MS: I donít think of it as ďimperialismĒ.I think of it more in terms of broad cultural confidence. For one thing, if you push ahead to 2030, by about 2030 about a third of the world is going to be Muslim. A third of the worldís population will be Muslim. They will have, a part from a few Saudi sheikhs whoring in Mayfair, almost none of the worldís wealth. So it will have huge incentives to spill [over] its bounds in Niger or Yemen and pour across the frontiers into Europe and anywhere else and take what it can get. The idea that the global order we enjoy today of the free market system, the prosperity, the longevity, the health, and cultural indulgences we enjoy today would survive in that world is absolutely insane. Weíre not talking about a long time away. If you were born at the turn of the century, by the time youíre thirty year old man, the world you know will be kaput unless we understand that these things we value like property rights, like freedom of expression, arise from a relatively narrow tradition in human affairs and that a big chunk of the world, unless theyíre sold on its virtues very quickly, are not going to be interested in them when theyíre dominating the planet in twenty years time.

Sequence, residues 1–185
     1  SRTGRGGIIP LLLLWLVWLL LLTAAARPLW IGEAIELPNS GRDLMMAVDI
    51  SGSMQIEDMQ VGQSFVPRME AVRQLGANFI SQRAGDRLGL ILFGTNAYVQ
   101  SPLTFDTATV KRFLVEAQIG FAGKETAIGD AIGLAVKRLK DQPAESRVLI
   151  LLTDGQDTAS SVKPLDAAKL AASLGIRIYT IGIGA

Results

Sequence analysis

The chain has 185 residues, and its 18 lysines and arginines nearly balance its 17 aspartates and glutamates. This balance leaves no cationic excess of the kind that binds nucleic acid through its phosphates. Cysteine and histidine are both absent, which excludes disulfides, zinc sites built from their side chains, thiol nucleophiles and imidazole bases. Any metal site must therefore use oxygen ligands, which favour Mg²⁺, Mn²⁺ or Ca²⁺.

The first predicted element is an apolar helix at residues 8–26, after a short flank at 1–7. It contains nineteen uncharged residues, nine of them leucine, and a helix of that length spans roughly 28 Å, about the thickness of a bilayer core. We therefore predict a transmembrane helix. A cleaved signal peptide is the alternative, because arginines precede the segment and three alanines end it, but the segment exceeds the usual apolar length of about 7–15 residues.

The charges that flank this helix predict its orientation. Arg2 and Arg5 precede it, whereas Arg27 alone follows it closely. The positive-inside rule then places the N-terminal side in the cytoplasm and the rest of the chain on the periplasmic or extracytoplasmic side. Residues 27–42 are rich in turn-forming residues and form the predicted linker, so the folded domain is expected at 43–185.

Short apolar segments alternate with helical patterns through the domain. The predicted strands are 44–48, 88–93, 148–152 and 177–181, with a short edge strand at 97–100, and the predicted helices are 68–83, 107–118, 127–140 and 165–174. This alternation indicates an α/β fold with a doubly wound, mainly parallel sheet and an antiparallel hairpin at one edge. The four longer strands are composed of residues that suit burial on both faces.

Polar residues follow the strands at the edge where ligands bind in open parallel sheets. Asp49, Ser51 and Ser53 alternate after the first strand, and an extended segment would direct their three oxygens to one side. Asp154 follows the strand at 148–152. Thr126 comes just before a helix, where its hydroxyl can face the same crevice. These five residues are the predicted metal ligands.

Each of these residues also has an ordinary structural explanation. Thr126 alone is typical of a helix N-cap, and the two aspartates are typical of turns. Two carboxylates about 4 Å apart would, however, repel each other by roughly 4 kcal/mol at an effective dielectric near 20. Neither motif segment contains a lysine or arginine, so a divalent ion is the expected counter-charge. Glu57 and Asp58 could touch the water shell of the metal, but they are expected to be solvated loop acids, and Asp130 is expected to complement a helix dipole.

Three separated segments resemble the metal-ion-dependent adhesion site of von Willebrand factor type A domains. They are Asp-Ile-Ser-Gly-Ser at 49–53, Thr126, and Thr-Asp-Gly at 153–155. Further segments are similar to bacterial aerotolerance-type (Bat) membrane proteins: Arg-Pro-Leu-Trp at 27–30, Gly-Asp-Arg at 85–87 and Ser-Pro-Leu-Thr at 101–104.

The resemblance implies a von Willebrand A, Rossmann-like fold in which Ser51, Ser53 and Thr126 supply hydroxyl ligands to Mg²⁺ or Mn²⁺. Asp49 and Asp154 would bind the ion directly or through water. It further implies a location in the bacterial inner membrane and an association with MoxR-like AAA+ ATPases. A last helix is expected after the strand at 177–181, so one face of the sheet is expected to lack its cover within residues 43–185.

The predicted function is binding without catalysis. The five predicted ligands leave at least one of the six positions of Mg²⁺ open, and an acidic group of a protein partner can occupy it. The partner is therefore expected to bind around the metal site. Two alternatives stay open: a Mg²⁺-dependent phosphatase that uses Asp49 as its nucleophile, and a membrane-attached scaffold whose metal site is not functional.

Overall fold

I will publish the second part of the interview next week. Hope you enjoyed it!